Upplandsleden 4: Harva > Runsa

I was so enthusiastic about keeping up the momentum that I did the previous section on Friday, then this section on Sunday 8 August – no matter that it had been raining on Saturday, it was supposed to be dry on Sunday. It was a damp but interesting trip: this section is closest to home for me and I’ve many parts of this trail.

Here’s the Strava trip overview – and here’s the route itself on Strava:

Strava route information

The route had a lot of ascents and descents – there were times that it felt the trail went down just to come right back up again.

Strava elevation and pace

Once again starting from the small parking lot at Harva, the first step was follow the orange arrow and cross Runsavägen:

Orange marker, cross Runsavägen

This section goes through a new housing development, so everything is either under contruction or shiny and new – except for this conspicuous information board with older information. It was nice to see, but not particularly helpful.

After climbing up the hill and just before heading into the woods, there’s a brand new sign with much more detailed information. Upplands Väsby has been improving a lot of their signage and general info around friluftsleven/outdoors – this is a lovely example:

Information covering the first section of the walk

The path was initially beautifully maintained – and then Upplandsleden splits off to the right:

This set the tone for the rest of the trip: it seemed like while many paths were lovely, the Upplandsleden path was always going to be the more difficult one.

I was worried when I saw this trail marker on the other side of the electric fence – thankfully, just following the path worked out just fine.

After crossing Runsavägen again, follow what looks like a driveway – it really is the correct route and goes past a horse farm and then down to Sättrabadet. I’m not sure if the speed limit is 30 or 20 km/h, but I was walking so it didn’t exactly matter.

What’s the speed limit here?

I’m not sure if there have been more slugs around this year or that I’ve just been outside to see them, but this section involved watching my steps to avoid squishing any. There were a whole bunch of little tiny toads, too, but I couldn’t get close enough to get a photo before they jumped away.


The path goes down to Sättrabadet – it’s mostly a big grass field with a few spots that you can get down to the water as well as a big fire pit. Interesting fact: I wrote my first WordPress plugin sitting on the shore here as it was a good place to concentrate. The weather was bad enough that no-one was swimming, but plenty of people were fishing.

The path follows the lake here and can get rocky/small, but it’s a lovely section:

There are lots of places to stop, have a small fire, go fishing, picnic, etc., with a nice view over Mälaren:

The photo of this hill does not do it justice: I’ve climbed it when muddy, snowy, icy, and even in good weather – it’s steep, slippery, and then there’s always more before you’re at the top.

The view from the top is lovely and there’s a nice little bench. There’s also another fire pit tucked behind the top of the hill. I had planned to have lunch here, but this was when it went from a light drizzle to real rain.

It turns out that there was another shelter a bit further down the hill with a big firepit and open area to hang out.

I made grateful use of the (mostly) dry space to heat up my lunch and have some coffee – what a relief! This is also when I realize that my backpack has a raincover and put it on.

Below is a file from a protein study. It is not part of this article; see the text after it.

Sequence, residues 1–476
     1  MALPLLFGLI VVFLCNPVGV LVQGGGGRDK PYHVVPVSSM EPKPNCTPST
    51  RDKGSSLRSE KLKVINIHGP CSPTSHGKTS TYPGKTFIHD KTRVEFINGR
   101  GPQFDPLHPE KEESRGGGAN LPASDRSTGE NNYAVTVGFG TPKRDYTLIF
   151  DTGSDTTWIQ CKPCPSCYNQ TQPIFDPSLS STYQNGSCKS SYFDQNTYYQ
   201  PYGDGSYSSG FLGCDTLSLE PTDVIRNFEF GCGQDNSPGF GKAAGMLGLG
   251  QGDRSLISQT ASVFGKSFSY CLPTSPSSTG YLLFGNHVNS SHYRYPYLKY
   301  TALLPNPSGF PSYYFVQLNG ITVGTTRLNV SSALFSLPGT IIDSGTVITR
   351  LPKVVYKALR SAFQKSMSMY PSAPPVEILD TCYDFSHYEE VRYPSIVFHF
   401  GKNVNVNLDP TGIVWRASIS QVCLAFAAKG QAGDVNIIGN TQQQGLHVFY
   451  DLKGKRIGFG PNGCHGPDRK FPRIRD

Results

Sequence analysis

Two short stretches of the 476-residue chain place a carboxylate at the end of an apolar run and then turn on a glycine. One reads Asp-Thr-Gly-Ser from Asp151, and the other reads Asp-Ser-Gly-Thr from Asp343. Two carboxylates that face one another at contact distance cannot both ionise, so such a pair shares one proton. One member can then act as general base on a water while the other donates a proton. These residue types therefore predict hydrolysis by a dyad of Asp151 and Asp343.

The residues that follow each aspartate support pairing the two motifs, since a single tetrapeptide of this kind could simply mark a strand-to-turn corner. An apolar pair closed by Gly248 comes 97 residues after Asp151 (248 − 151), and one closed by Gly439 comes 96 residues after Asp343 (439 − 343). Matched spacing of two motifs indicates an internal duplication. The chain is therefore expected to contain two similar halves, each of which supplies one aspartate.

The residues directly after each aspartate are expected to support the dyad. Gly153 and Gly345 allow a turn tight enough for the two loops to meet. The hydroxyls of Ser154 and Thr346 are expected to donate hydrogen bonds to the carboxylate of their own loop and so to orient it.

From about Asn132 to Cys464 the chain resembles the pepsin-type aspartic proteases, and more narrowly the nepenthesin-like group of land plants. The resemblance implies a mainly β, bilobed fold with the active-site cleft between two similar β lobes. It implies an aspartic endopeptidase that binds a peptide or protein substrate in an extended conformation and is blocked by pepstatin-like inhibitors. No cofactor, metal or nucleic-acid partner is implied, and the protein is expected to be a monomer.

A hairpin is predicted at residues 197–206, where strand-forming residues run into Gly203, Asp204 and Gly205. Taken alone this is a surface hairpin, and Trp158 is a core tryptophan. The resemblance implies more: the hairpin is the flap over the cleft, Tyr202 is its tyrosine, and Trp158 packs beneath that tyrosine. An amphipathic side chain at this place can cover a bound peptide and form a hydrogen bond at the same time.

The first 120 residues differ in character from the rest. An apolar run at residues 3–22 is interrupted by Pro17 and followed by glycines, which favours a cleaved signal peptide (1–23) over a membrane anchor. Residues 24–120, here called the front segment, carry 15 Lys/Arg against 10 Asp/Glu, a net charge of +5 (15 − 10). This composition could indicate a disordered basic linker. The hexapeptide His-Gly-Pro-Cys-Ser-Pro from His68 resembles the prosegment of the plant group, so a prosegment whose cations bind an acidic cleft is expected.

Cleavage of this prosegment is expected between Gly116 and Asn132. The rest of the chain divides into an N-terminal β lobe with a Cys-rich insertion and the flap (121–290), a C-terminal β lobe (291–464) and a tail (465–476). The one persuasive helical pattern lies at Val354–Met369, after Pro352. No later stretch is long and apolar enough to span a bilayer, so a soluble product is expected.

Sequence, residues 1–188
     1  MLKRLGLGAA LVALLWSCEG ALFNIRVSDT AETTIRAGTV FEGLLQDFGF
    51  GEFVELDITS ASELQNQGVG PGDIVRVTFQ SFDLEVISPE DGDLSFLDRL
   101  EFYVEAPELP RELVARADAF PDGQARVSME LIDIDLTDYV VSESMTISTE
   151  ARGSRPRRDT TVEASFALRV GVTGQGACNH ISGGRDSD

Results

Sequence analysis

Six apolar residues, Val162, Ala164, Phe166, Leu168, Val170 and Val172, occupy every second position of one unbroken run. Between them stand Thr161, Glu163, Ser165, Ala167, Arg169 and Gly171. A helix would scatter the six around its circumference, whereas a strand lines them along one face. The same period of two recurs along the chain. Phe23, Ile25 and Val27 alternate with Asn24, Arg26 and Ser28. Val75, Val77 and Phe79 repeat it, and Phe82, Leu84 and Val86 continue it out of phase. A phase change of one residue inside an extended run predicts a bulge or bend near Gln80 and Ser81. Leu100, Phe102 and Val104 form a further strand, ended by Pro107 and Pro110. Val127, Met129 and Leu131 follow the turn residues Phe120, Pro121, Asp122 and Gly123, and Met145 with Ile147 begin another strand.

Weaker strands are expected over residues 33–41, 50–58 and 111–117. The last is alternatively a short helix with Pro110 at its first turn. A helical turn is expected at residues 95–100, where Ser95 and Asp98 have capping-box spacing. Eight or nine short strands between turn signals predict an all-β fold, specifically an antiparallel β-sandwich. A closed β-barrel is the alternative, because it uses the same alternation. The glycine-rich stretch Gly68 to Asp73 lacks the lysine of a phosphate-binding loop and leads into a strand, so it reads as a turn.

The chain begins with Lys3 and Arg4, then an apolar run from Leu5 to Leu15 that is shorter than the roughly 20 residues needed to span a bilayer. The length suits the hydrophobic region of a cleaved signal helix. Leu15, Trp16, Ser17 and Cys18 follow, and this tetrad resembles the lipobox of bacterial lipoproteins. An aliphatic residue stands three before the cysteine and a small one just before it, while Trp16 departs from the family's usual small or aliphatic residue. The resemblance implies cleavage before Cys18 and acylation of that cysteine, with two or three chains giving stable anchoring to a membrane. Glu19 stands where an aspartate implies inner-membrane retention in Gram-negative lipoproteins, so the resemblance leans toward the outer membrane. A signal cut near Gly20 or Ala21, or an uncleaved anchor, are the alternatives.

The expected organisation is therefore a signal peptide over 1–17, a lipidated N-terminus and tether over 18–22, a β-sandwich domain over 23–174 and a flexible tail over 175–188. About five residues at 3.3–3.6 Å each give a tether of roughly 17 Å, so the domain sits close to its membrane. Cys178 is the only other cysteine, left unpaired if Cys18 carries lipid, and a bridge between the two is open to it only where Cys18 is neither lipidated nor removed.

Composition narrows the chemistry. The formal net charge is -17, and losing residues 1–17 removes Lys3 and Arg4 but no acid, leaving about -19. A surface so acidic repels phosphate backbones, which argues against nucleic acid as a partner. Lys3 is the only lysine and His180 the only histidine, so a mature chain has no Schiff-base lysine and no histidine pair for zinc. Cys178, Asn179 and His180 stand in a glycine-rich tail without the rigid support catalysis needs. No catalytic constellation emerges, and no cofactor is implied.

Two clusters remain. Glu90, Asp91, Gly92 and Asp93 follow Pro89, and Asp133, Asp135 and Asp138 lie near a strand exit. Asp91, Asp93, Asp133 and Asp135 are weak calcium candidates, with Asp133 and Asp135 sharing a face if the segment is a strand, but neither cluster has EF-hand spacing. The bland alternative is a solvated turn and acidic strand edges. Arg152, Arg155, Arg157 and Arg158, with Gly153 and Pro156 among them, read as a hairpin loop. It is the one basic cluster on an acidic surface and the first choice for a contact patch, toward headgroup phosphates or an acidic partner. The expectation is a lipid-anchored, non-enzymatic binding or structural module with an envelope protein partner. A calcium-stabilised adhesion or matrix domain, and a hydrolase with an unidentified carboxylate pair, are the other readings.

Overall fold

I’d been talking with a colleague about how there were still blueberries and since that conversation, was now paying more attention to the berries. It seems like the further north I go, the more blueberries are available – maybe because these trails aren’t as popular?

The trail felt a bit like a game: don’t touch the wet plants on the sides, and put your feet down around the roots.

The trail was well marked, though occasionally in unexpected ways:

This trail reminded me that variety is the spice of life. When on tougher, steeper sections, I’m looking forward to the nice, easy, flat sections. And when I’m on the nice, easy, flat sections, I get bored and look forward to the next challenge. At this point, when looking at the map, this nice, flat road would take me straight to the destination – but the marker says to take that tiny path. *sigh* My sense of completionism wins out yet again. Here we go!

Around this point, the weather is starting to brighten and there may also be some sun. And hey, look: an orange birdhouse!

This is the second downed tree that I’ve come across during the Upplandsleden here in Stockholm – but at least this one has been trimmed down enough to make it possible to clamber over:

I’m damp but feeling pretty good. I’ve discovered that my backpack has a rain cover. And then the sun decides show up!

The final few km of the trail are along an asphalt road. It’s long, straight, boring, and involves walking along the shoulder. There isn’t much traffic, though, so it’s fine.

I spotted a snail! It’s a nice change from all the slugs, so including it here for variety.

Still walking down this road.

The crop (wheat?) on the side of the road, along with the trees and sky let me play with photography proportions. This was partially because it was potentially a nice photo and partly because I was bored.

The final section of the road includes trees. This leads to Runsa slott, which is more of a manor house.

The road ends in a T-junction: head left to go to Runsa slott, and right for the parking lot where this section wraps up. This is the parking lot you’d want if you are exploring Runsaborg (Strava map).

Thus concludes part four of the Upplandsleden (Stockholm) trip! See Upplandsleden route info (Stockholm) for the full overview.

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